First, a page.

Thinking of the knife in your back pocket as a best friend might be a little over the top, but if you’ve ever owned a Saladini knife, that’s likely exactly how you feel. My newest pocket knife comes from these famed Italian knife makers and I cannot sing its praises enough.
Coltelleria Saladini is based in Scarperia, situated just north of Florence. It is an ancient, medieval village that was built by the Florentine Republic in the 14th century. Known as “the town of knives,” it has a long knife-making tradition, dating back to when it was first settled. All of their knives are made by hand, one by one, with high quality stainless steel and amazing ox horn, buffalo horn or Tuscan olive wood handles. We place orders for their knives three times a year and stock several different sizes and models, including a variety of folding knives, cheese knives, cigar cutters, bread knives, steak knives, forks, spoons, etc. The style of knife that I chose is called Mozzetta.
A Mozzetta has a traditional blunt blade that harks back to a time in Italy when knives with pointed blades were outlawed, or at least strictly controlled, and this style became the only legal option. In addition to referring to a particular knife style, the word “mozzetta” can also refer to a short cloak worn by clergy of the Catholic faith. What the two things – a knife and a cloak – have in common is the fact that they are cropped. The Italian verb “mozzare” translates into English as “to crop” or “to cut off.”
I have gone through a fair share of cheese knives over my years here as a cheesemonger. The Laguiole I had was great. The knife even had a pouch that attached to my belt – yes, kind of a pocket protector for my knife. I lost that one and bought the simpler Couteau des Sorgues, which was gracefully taken by a colleague, by virtue of squatters rights. I’m not too heartbroken about that though – without a pocket protector, it was perpetually tearing the back pockets of my jeans.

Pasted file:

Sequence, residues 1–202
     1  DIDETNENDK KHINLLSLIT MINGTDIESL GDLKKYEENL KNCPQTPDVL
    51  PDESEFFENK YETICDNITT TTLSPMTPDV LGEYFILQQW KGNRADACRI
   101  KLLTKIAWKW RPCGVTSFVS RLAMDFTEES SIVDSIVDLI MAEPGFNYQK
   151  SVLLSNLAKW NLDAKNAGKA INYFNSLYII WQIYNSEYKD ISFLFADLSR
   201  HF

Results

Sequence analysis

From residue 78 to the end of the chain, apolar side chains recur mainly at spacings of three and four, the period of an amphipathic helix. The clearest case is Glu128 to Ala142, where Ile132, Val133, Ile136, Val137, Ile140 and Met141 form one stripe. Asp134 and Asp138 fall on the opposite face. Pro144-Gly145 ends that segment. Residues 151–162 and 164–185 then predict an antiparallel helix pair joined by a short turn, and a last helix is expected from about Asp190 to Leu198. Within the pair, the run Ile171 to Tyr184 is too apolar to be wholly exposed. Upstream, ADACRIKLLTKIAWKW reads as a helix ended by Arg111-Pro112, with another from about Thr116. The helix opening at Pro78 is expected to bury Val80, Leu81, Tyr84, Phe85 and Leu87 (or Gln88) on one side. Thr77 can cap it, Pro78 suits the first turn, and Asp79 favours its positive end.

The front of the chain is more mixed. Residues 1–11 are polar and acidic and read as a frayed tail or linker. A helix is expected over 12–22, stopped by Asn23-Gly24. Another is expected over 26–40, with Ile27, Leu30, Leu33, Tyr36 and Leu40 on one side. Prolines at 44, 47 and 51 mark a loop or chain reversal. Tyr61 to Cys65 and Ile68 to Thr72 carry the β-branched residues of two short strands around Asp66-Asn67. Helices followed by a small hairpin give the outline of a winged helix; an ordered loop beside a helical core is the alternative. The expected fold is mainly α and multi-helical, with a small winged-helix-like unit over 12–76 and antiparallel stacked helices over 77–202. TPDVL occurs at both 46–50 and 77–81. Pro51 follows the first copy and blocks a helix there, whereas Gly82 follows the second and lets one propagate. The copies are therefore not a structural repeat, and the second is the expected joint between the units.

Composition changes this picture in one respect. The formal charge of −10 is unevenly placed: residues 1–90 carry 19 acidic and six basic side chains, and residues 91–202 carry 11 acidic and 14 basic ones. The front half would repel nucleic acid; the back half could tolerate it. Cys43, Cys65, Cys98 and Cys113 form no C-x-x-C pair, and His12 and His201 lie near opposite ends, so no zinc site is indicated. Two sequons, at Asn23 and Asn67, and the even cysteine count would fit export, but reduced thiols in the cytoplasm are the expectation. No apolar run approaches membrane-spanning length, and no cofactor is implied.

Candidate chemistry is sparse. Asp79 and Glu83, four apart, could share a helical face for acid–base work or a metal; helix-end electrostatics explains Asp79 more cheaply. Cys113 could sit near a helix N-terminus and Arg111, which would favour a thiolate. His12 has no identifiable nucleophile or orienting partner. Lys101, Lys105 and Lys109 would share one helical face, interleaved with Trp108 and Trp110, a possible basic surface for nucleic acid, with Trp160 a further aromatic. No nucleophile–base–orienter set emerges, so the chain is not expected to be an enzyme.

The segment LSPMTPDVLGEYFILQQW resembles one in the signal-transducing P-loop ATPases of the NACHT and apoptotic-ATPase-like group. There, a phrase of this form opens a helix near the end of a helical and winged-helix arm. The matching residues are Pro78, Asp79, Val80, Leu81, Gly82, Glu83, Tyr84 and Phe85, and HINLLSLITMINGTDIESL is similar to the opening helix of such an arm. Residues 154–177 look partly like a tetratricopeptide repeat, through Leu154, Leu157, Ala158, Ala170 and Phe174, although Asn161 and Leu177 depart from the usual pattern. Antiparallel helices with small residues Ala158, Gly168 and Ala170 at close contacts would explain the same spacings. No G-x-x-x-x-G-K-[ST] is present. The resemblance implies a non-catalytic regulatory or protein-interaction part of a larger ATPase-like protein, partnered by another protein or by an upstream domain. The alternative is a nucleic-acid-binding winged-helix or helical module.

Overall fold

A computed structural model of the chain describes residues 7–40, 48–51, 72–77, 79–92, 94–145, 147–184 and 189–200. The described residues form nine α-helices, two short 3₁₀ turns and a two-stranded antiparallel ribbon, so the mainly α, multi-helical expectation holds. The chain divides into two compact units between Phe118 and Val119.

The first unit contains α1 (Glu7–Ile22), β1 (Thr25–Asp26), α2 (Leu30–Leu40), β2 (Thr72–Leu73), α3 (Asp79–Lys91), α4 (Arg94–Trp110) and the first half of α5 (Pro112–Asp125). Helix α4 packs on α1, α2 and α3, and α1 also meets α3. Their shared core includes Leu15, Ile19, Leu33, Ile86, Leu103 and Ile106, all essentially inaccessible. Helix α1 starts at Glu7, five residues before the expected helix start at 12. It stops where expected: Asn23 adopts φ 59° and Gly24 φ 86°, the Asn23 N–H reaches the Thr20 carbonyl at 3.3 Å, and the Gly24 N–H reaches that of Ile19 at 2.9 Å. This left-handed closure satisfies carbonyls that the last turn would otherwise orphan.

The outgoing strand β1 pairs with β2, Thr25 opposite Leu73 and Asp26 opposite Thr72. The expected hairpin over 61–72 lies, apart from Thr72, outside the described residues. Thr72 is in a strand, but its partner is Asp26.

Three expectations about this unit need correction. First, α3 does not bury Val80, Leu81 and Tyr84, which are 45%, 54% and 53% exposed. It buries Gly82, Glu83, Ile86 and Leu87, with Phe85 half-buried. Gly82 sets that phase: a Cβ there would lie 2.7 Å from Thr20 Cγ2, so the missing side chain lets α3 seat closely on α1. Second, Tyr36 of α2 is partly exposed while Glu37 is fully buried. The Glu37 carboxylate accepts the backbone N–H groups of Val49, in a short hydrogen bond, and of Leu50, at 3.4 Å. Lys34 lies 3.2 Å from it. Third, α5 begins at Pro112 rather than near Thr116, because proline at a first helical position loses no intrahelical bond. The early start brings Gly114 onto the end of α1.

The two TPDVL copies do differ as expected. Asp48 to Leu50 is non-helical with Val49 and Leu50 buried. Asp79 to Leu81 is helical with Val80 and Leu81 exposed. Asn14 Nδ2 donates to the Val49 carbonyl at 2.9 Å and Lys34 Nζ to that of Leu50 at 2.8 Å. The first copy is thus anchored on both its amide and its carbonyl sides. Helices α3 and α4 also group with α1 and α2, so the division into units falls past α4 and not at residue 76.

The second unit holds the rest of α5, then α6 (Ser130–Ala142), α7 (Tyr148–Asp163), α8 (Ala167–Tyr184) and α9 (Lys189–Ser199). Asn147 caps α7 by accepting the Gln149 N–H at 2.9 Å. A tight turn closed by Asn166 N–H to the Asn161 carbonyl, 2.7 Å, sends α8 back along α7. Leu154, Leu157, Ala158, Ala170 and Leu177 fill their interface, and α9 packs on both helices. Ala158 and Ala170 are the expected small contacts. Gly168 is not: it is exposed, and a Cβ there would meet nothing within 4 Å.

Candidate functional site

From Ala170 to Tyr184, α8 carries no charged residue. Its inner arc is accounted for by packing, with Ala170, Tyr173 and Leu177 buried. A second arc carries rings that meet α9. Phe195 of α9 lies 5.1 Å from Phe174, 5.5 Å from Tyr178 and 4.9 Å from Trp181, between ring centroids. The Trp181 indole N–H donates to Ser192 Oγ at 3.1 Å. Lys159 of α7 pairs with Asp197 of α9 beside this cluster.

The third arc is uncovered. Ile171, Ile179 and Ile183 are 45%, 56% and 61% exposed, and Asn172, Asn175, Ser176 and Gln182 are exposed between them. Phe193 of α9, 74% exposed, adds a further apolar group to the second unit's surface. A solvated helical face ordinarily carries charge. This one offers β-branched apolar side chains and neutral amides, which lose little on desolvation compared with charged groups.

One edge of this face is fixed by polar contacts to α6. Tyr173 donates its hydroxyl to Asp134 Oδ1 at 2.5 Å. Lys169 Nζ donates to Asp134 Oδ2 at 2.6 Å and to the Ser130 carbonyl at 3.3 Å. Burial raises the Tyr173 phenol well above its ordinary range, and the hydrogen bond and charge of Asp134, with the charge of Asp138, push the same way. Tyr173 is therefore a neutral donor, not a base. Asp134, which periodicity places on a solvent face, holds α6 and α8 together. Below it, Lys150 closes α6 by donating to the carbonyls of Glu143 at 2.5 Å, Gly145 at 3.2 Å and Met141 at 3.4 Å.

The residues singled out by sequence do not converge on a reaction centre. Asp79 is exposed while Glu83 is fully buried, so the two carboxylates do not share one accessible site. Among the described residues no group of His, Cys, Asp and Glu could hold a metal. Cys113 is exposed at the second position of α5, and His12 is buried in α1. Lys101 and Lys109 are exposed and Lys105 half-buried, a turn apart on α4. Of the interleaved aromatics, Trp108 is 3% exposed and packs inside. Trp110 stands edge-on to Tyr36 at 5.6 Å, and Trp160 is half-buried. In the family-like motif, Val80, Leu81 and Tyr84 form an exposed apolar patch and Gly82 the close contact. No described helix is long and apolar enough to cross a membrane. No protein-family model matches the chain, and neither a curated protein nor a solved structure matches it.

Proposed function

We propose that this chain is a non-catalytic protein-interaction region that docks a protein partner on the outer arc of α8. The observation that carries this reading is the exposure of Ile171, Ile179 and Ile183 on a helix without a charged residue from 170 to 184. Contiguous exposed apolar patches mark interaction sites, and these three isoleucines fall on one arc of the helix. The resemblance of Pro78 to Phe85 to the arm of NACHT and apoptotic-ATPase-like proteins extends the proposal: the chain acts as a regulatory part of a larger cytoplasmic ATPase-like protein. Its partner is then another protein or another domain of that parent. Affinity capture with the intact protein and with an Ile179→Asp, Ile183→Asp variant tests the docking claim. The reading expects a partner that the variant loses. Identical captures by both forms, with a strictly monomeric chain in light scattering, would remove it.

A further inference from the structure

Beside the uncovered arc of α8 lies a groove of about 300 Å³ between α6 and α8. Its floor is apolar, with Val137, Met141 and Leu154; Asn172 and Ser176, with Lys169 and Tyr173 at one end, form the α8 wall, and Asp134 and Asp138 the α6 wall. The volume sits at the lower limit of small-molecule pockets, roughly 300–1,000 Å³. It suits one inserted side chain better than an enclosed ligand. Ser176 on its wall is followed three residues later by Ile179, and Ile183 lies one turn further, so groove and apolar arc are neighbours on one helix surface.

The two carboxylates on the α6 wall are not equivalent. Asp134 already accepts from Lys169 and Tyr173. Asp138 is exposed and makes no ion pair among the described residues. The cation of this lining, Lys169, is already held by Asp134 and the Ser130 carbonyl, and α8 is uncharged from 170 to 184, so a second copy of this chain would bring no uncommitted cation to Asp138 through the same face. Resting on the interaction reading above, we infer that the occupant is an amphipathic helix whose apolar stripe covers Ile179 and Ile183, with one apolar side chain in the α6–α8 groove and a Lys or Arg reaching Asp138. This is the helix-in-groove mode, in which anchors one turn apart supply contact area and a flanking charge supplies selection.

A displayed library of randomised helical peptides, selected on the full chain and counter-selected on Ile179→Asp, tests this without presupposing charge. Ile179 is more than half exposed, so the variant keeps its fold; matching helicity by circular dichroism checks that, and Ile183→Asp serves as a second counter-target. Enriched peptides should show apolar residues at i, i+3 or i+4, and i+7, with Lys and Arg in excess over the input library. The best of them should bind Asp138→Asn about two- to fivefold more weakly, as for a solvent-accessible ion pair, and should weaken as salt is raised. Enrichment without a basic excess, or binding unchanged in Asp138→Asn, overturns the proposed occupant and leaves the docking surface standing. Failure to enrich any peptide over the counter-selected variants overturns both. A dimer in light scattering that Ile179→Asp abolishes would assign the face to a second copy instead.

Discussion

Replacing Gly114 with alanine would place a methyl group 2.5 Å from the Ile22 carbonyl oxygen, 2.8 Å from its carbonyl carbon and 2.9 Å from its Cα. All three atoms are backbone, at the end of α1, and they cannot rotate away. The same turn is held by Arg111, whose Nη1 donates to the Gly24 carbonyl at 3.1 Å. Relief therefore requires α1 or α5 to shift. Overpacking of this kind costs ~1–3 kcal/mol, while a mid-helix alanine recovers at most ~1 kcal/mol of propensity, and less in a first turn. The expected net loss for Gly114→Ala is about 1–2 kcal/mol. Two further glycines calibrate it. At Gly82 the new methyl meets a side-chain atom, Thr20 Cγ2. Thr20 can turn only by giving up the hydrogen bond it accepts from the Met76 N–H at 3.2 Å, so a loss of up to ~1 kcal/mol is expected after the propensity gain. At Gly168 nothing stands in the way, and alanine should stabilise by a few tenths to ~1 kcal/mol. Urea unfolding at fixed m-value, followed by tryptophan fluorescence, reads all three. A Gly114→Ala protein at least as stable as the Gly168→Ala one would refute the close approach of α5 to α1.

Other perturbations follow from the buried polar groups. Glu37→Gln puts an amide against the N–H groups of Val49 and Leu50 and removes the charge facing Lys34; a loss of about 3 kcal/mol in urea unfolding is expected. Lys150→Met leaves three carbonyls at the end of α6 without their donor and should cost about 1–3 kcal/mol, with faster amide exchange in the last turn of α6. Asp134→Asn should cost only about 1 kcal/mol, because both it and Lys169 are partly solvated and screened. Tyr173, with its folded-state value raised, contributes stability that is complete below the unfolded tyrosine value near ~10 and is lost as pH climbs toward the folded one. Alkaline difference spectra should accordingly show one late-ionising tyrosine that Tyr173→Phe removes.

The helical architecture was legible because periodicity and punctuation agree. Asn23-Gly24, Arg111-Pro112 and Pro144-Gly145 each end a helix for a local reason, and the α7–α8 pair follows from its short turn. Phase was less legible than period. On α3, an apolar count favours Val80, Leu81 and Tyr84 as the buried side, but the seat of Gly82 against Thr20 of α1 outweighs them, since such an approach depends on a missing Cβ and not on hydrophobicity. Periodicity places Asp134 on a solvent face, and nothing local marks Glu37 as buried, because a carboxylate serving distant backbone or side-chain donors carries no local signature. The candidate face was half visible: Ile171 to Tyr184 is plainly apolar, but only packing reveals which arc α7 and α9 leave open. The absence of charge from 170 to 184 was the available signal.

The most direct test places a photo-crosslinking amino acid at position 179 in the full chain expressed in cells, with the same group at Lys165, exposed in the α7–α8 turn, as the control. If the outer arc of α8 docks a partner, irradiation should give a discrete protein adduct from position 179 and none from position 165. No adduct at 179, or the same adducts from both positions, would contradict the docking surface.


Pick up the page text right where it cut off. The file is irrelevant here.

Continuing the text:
After the Couteau, I went to the ol’ favorite: Opinel. Opinels are sturdy with a carbon steel blade that is super sharp and very easy to touch up. It’s a knife that’s hard to beat, unless you lose it, which I did. Without a pocket knife, I was going crazy. Cheese planers were just not cutting it – literally and figuratively. After selling Saladini knives for years, I finally took a closer look at them to see if one might be up to the challenge. This is how I found my new best friend.
His name is Pepe. He is a good sized knife when open and compact when folded. His blade is shining stainless steel with a stubby end and some great detailing on the spine. His handle is gorgeous – made from ox horn, beige, caramel, unicorn white and a little bit of dark brown, a combo that gives this guy all the looks.
I encourage you to stop by the shop and check out the family of Saladini knives. My next purchase is a toss-up between the Saladini steak knife set and the bread knife.
For more about the producer of this knife, check out this blog post which explains how we first found out about Coltelleria Saladini.
And, if you are ever interested in placing a special order for a Saladini item we don’t have on hand, please do not hesitate to e-mail our buyer, Tim at: firstname.lastname@example.org.
Kurt Gurdal is the General Manager and lead cheese buyer at Formaggio Kitchen Cambridge.